top of page

Christ’s peace is FOR YOU



You all get it. That’s why you’re here.


It’s the Sunday after Easter, and typically, everyone put so much energy into celebrating Holy Week and Easter that they’re exhausted by now and probably taking today off, or taking today to catch up on projects they weren’t doing last weekend. That’s fine, everybody has to get their rest somehow. Pastors anticipate that the Sunday after Easter will be a low church attendance Sunday. It helps us adjust our expectations.


I love the Sunday after Easter because, really, the party is over. People aren’t showing up today for the abundance of flowers or the glorious music or to show off your new spring outfit—you show up to catch a glimpse of Jesus. To see if all this resurrection business is really true. Sit alongside other believers, and even if you’re not quite a believer, you still showed up to see what happens.


This is what I imagine the disciples were doing on that first day of the week—gathering together to comfort each other, to process the events of Jesus’s arrest and crucifixion and death, to wonder together about what happens next. They were so scared of what would happen to them that they locked the doors.


Except for Thomas. Thomas wasn’t with them. Maybe Thomas was the one who was least afraid. Remember that when Jesus and the disciples were headed to Bethany to grieve the death of their friend Lazarus, Thomas is the one who said, “Let us also go, that we may die with him.”[1] Thomas was all-in, hardcore, ready to die alongside Jesus.


I wonder what kept Thomas away from his fellow disciples that day when the resurrected Jesus showed up, bringing peace. Was Thomas courageously moving around in public, walking the streets just daring anyone to associate him with the crucified one? Was Thomas ashamed, having spoken so boldly and faithfully in front of Jesus while he was living, but then cowering and acting out of fear as soon as Jesus was arrested?


And I wonder what it was that Thomas refused to believe unless he could see and touch the crucifixion wounds of Christ. Was he refusing to believe because he didn’t trust what the other disciples told him? Was he refusing to believe that Jesus was truly risen? Or refusing to believe that the risen Christ really showed up bringing peace?


Or was it just that Thomas couldn’t imagine a scenario where Jesus would bring peace to him? It’s like Thomas saying to the other disciples: “Oh, Jesus shows up and that’s great for you guys, but he would never show up for me.” Did Thomas believe he was beyond forgiveness, exempt from grace, undeserving of the peace of the risen Christ? It can be easy to say that Jesus died for all and still harder to believe that Jesus also died for me in particular.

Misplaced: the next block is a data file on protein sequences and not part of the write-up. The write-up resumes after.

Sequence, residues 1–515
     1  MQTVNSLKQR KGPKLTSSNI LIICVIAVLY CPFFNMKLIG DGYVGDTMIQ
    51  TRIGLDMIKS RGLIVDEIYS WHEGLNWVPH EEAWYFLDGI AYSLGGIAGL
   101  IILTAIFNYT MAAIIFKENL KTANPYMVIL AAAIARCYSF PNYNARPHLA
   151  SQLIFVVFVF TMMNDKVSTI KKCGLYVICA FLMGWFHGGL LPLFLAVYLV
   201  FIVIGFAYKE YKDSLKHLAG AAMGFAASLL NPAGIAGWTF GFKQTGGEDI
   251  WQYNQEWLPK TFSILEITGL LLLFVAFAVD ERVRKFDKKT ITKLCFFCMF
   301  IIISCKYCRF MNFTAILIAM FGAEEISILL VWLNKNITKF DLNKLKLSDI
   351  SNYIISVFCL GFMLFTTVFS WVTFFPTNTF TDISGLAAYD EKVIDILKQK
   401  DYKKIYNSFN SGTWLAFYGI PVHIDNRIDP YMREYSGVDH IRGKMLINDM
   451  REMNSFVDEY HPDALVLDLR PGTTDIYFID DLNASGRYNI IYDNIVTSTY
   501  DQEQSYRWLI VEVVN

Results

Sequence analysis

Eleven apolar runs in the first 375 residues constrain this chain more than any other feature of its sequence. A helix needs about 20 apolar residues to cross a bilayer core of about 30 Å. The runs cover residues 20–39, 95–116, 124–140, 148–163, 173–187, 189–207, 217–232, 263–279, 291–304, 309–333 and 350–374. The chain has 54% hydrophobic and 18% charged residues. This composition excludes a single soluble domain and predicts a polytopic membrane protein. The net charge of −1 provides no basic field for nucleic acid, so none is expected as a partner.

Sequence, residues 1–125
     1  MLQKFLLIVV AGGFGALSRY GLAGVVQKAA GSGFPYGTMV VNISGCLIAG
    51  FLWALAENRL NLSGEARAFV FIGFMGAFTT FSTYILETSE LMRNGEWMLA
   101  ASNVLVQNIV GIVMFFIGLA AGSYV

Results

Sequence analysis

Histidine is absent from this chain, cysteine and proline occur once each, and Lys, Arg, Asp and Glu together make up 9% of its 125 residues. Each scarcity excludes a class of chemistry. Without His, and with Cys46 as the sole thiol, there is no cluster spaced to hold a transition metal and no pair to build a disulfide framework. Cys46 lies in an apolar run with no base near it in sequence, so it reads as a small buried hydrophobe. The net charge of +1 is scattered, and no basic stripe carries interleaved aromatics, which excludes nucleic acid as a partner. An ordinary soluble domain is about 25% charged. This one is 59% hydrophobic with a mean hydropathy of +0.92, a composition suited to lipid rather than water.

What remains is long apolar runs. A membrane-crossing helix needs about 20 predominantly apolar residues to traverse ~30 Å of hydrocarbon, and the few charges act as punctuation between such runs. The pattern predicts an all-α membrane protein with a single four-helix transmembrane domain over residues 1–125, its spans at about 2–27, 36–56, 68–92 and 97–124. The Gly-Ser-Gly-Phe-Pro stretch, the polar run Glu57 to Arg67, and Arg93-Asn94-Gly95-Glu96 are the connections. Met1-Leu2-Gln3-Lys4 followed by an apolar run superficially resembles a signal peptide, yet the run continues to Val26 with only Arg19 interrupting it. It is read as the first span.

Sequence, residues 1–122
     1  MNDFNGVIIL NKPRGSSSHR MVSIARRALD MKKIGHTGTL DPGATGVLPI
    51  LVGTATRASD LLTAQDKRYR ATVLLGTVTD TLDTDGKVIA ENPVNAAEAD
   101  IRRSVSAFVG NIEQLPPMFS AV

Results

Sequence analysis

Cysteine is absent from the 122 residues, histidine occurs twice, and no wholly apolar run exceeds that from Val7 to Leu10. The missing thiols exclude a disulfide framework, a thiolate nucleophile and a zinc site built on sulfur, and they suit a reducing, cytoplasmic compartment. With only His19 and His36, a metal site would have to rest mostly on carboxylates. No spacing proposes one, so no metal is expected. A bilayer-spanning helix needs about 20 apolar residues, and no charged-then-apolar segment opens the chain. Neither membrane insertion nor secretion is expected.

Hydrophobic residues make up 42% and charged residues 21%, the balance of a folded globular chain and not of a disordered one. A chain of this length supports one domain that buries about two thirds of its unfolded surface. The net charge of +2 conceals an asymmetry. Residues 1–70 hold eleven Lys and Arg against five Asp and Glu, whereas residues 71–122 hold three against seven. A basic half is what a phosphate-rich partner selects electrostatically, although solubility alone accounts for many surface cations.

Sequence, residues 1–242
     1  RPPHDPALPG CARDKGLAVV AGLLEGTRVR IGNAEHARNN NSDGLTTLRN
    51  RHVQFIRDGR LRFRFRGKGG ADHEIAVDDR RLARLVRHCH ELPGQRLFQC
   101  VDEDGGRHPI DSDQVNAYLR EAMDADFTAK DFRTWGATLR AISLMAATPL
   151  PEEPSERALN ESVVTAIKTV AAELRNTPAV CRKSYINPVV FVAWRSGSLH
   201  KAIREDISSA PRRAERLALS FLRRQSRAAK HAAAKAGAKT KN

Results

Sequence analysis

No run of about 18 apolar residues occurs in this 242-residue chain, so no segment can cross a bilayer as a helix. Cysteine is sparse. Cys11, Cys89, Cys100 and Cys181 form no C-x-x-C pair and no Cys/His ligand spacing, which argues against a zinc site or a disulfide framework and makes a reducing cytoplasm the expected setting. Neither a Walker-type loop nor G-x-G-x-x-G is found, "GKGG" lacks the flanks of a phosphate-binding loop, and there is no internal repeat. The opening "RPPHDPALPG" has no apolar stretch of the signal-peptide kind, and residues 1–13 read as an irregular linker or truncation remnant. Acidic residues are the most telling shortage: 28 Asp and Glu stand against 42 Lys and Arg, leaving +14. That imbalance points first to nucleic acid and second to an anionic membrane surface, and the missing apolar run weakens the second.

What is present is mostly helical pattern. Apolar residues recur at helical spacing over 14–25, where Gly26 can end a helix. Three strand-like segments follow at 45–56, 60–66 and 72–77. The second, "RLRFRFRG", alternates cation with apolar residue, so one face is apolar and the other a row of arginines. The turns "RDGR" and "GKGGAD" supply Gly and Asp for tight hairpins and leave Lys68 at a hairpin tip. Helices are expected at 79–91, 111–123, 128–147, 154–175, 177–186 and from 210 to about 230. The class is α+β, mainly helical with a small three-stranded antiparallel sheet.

When Jesus shows up again, he speaks directly to Thomas: “Put your finger here in my wounds; it’s really me. Put your hand in my wounds: you cannot hurt me, and I’m here for you. This peace is for you. You are worthy of forgiveness, worthy of acceptance. Reconciliation is real. Do not doubt that it’s really for you.”


“Blessed are those who have not seen,” Jesus says, “and yet have come to believe.” Blessed are the ones who keep showing up even when their faith is dwindling. Blessed are the ones who keep showing up even when they don’t believe. Blessed are the ones who can’t explain what drew them together but they just knew they had to come to worship. Blessed are the ones who ask God clearly for what they want—“Unless I see the mark of the nails in his hands…”


Blessed are you who believe Christ’s wounds really are for you, Christ’s peace really is for you, Christ’s welcome and acceptance really are for you.


Because this is the really life-altering, world-changing stuff. When we can see that Jesus returns with peace for even the disciples who were closest to him, whose denials and betrayals and abandonment must have stung the most…then who can be exempt from God’s grace? Luke’s Gospel even quotes Jesus from the cross, seeking God’s forgiveness for his own executioners because “they don’t know what they’re doing.”[2]


We’re here today, however few we are, gathered together for worship, because somehow, we get it—the peace of the risen Christ has changed us. God will stop at nothing to reconcile the whole creation, to bring everything back together in harmony, and we are included.


This is what Pastor Dave Whetter, our synod’s assistant to the bishop, was saying to our church council leaders earlier this week, talking about congregational purpose, getting really specific and clear about why God needs Gethsemane Lutheran Church in this particular place in the world at this particular time in history.


Pastor Whetter said the church has a bold purpose: reconciling all of creation with God! Jesus has done his part in that reconciliation, that healing of brokenness, and the rest of us have yet to see the fullness of that healing. But we are part of that mission of healing, bringing everything back to God, announcing God’s reign of mercy and justice and grace.


And friends, I believe this is why we get so specific with our welcome statement—it’s lengthy, and it could be even longer and more specific, but years ago, whoever put together these words and named these groups, they thought of all the ways people imagine they must not be welcome in a Christian house of worship. They thought of the groups who have been uninvited from other spaces, whether explicitly or implicitly. They thought of the categories rejected by other communities who claim faith in the same Jesus Christ.


There are people who have been harmed, who have experienced trauma because of Christians. The harm and trauma are still happening.

How can we be part of the healing of God’s creation?